Over half of Android kids apps violate COPPA, a new report reveals, which finds apps collecting and sharing users’ data…
A newly published study entitled, “Proceedings on Privacy Enhancing Technologies” exposes the risks of kids using apps designed for children under 13 years of age. The report states more than half of Android kids’ apps potentially violate COPPA or the U.S. Children’s Online Privacy Protection Act.
Report Finds More than 50 Percent of Android Kids Apps Violate COPPA
Furthermore, researchers from the International Computer Science Institute at the University of California, Berkeley warn the apps improperly collect and share user data. More surprisingly, the data collection and sharing apps are all found inside Google’s Designed for Families program.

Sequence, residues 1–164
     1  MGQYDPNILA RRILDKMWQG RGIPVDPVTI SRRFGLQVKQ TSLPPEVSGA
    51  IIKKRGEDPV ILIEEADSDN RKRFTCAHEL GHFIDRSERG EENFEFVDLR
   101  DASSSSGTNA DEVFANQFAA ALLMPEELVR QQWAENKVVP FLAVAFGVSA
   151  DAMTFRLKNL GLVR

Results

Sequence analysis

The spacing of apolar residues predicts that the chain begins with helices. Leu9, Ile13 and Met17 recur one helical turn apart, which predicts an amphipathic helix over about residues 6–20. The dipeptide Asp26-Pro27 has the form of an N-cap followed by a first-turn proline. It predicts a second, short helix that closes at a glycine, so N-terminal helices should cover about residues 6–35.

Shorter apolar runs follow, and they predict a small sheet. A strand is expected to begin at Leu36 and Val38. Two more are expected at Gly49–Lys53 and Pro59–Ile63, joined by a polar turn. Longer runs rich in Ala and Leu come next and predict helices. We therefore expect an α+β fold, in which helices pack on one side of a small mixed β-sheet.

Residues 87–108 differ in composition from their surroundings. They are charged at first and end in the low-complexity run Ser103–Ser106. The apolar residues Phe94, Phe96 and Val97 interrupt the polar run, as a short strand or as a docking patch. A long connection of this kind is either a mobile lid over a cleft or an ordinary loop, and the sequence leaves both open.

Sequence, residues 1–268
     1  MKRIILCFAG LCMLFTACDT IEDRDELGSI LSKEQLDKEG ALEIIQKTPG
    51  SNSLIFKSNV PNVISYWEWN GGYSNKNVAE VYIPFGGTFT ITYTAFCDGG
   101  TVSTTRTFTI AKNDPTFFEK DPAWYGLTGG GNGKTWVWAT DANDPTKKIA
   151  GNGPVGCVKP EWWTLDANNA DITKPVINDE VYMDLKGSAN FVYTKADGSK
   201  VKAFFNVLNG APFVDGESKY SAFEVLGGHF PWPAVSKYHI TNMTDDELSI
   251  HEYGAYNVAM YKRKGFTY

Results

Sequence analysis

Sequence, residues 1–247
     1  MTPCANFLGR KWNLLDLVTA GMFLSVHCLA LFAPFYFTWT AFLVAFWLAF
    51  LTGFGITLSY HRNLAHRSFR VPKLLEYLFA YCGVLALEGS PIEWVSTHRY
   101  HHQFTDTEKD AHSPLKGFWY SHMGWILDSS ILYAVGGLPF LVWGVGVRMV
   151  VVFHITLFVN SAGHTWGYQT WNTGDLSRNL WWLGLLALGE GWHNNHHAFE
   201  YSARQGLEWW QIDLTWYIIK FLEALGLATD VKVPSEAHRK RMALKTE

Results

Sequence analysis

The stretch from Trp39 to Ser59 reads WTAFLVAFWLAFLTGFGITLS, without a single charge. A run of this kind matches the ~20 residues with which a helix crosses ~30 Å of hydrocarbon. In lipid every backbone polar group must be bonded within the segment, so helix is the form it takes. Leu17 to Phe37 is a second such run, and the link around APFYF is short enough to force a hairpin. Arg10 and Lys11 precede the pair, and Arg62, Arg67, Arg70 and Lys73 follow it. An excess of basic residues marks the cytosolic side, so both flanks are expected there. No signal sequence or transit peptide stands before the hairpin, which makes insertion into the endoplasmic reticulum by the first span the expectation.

The study covered 5,855 children’s apps and researchers report finding “several concerning violations and trends.” The report details 4.8 percent contained clear violations for location sharing and collecting contact information without user consent. Another 18 percent for sharing identifiers used for ad-targeting.
Plus, 40 percent shared personal information without proper security controls. Moreover, 39 did not adhere to “contractual obligations aimed at protecting children’s privacy.” Also, a full 28 percent of the kids’ apps accessed sensitive data under Android permissions protections. And, 73 percent transmitted sensitive data over the internet. Some of the apps named in the report include: KidzInMind, TabTale’s “Pop Girls–High School Band,” and Fun Kid Racing.
Google does require developers to comply with COPPA but enforcement appears weak. Congress enacted COPPA in 1999 to protect children’s online privacy. It requires parental consent to collect information of kids under 13 years of age. The FTC revised COPPA in 2013 to cover geolocation markers and IP addresses. Additionally, it required third-party advertisers to comply.